18th May 2022

Should EV conversions be registered in a new vehicle class?

With electric cars at the top of the agenda for the UK Government, and conversions for classic cars rising in popularity, a recent poll states 70% of classic car enthusiasts want the Government to recognise EV conversions as their own vehicle class and that the DVLA’s not keeping up with demand or proper documentation.

Converting classic cars to run on electric power and stripping their internal combustion engine and running gear has risen in popularity in the last decade. With TV shows dedicated to the conversion process, major UK companies upcycling classic cars into EVs, and with the average cost circa £20,000 - £40,000 for the conversion alone, it’s a growing theme and profitable business case.

To date, however, only modern EVs are classed as an EV on their official registration documentation (V5C), and the classic car community, through a poll by FJ, voted that this naming and documentation should change. Instead of classic cars continuing to have their internal combustion engine and designation, 70% of (more than two out of three) respondents said that the DVLA should class them as a new class of vehicle.

Managing Director of Footman James, David Bond said: “EV conversions are dividing the classic and collector industry and our clients. With modern EVs counting for 64,000 in registrations this year alone*, electric power is a small but growing sector. This is spilling out to classic owners who are also choosing to swap from petrol power to battery power. Classic cars by their nature are increasingly restored, modified and upgraded but interestingly, from the majority of our responders, converting from the internal combustion engine (ICE) to electric requires more official recognition.

“From the results of this poll, it looks like our audience want there to be a change and move to recognise EV-converted classic cars by the DVLA on the V5, and look at the green marking on the registration plates to show that they are powered by electricity.”

The poll, conducted by specialist and collector car insurance provider, Footman James, saw over 1,300 respondents. The official question asked was:  As it stands, modern electric vehicles have their own DVLA classification and classic vehicles are given the historical class when they hit 40 years of age. But what should happen to electric classic conversions? Should they be recognised independently on a V5C, as a new class of vehicle?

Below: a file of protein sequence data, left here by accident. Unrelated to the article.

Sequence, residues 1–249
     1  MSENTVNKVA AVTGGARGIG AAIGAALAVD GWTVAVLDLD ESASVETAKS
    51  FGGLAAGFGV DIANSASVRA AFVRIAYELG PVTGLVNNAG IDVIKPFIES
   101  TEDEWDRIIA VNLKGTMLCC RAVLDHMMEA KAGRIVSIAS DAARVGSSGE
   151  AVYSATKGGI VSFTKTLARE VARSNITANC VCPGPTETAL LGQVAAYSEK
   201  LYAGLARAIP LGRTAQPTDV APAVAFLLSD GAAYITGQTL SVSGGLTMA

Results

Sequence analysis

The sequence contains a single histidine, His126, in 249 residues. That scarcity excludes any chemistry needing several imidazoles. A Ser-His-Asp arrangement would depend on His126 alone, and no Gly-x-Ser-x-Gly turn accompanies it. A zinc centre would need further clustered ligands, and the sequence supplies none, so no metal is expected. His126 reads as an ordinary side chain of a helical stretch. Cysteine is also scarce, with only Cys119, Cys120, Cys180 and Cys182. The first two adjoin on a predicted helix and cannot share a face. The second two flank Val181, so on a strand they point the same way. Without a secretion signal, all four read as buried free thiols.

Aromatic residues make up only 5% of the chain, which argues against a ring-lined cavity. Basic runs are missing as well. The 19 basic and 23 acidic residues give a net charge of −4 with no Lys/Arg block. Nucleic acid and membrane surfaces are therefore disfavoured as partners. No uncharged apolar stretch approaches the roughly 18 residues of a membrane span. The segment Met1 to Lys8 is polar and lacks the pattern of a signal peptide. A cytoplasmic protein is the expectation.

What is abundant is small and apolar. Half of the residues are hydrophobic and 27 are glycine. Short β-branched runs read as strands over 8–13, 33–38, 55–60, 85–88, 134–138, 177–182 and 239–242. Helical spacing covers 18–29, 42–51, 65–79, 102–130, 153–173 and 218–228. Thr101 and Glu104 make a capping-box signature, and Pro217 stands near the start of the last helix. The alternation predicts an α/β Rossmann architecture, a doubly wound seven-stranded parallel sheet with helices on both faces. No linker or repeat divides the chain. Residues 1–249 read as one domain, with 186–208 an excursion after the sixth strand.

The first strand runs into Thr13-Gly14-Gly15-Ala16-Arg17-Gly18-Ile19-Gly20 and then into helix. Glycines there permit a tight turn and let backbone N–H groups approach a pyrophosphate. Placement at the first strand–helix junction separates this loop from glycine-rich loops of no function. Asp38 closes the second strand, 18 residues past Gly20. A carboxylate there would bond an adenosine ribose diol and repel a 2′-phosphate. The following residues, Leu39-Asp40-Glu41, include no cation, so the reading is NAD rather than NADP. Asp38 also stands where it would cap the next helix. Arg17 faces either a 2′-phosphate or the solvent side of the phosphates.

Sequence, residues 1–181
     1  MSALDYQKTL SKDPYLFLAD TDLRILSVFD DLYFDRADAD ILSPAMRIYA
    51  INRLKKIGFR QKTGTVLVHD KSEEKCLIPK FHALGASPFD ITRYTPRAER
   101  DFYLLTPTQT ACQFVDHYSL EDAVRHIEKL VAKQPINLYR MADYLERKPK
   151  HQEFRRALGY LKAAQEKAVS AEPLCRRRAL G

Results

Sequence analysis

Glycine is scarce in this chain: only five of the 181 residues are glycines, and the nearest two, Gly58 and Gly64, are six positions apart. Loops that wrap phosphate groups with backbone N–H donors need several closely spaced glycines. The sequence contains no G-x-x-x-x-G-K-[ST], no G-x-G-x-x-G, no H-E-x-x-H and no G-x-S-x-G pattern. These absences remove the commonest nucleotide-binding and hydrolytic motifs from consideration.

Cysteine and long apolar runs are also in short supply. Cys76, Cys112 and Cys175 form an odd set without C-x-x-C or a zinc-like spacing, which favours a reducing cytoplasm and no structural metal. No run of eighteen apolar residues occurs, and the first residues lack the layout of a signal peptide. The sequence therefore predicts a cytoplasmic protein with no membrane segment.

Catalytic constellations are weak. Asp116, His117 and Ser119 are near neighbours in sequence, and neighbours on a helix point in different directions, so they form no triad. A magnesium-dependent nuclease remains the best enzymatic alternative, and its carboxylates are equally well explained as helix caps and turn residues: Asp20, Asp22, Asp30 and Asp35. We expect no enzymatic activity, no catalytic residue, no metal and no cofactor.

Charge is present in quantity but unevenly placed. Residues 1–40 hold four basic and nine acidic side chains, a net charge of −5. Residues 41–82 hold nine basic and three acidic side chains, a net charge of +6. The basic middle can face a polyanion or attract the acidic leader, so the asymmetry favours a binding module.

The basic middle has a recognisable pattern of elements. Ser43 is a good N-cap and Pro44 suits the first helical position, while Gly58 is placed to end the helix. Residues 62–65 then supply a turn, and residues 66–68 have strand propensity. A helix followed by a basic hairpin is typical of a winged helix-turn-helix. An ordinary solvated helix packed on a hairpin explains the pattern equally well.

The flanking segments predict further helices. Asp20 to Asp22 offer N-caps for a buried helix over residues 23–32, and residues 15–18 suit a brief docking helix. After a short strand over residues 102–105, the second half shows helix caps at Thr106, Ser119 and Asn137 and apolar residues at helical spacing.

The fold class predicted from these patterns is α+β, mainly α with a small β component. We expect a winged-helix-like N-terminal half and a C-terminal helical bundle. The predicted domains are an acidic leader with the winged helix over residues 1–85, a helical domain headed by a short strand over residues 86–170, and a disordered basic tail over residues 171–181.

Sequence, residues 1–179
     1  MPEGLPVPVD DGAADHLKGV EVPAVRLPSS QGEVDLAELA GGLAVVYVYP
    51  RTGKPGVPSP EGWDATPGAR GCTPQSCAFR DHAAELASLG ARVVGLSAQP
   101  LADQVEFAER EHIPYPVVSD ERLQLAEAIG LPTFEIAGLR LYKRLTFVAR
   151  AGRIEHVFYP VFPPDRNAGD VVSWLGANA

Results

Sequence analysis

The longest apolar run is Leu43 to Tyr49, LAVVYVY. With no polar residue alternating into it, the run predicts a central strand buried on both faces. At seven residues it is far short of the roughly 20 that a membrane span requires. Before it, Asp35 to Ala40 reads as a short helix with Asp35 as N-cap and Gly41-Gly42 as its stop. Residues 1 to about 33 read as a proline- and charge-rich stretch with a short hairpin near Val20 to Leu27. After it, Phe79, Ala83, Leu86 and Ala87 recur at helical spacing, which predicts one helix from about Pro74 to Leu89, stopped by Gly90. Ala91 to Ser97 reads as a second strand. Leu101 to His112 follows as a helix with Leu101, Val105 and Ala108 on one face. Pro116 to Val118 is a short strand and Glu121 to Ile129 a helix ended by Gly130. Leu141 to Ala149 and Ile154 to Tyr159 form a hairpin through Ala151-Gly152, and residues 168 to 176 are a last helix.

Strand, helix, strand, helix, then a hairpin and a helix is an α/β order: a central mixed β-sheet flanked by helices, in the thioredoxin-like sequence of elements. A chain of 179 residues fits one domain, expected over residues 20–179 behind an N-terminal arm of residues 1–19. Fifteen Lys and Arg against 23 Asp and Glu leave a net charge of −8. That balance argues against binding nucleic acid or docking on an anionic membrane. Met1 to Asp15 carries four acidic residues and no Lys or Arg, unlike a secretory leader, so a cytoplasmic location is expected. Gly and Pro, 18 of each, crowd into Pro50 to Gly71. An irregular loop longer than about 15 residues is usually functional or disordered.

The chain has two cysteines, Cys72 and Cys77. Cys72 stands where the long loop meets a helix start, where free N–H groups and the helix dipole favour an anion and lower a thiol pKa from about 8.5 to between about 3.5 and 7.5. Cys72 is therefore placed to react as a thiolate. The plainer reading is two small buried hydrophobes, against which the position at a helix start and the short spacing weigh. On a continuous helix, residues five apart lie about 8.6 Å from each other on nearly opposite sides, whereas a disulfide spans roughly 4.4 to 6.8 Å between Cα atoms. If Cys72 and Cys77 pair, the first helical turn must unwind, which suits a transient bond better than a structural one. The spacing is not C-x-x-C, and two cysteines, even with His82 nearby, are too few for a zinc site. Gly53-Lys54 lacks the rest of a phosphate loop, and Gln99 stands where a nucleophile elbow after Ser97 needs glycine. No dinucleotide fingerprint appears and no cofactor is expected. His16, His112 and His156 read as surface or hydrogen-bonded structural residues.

1,355 people voted via an email poll. Of those, 942 people selected YES (69.52%) and 413 people selected NO (30.48%).

What are your thoughts? We'd love to hear them in the comments below.

Source: *www.rac.co.uk/drive/electric-cars/choosing/road-to-electric

Classic vehicles modified to electric should have their own category as they are no longer original and they would have their own heading at DVLA this would be a great help to garages and specialists who would have to repair.

Jalopy , 25/05/2022

Comparing an EV converted E Type with the original is impossible, no one in their right mind would change the glorious sound of one of the best and most reliable straight sixes ever built for a washing machine motor!! An electric Jaguar can never be anE Type!

Clackers, 23/05/2022

I absolutely agree the converted classics should be in a new class of vehicles. Despite the high cost of conversion, many enthusiasts are keen on making better use of the existing vehicle stock to create an EV. This can only help in the drive to reduce CO2 emissions of vehicles which are much more polluting due to their ageing technology. Follow an old classic on the road and you quickly get the picture. In addition, parts are becoming difficult to source and before long the cost of the required fuel will become prohibitive for some owners as the world transitions to EVs.

Ray, 23/05/2022